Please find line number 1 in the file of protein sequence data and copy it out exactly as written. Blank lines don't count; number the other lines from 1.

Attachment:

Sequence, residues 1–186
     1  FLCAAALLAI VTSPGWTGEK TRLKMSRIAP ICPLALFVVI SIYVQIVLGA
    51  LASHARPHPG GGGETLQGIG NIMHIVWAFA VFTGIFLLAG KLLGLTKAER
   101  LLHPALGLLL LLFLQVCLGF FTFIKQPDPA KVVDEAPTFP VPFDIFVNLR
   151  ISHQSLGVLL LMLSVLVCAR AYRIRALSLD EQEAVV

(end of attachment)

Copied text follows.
Sequence, residues 1–186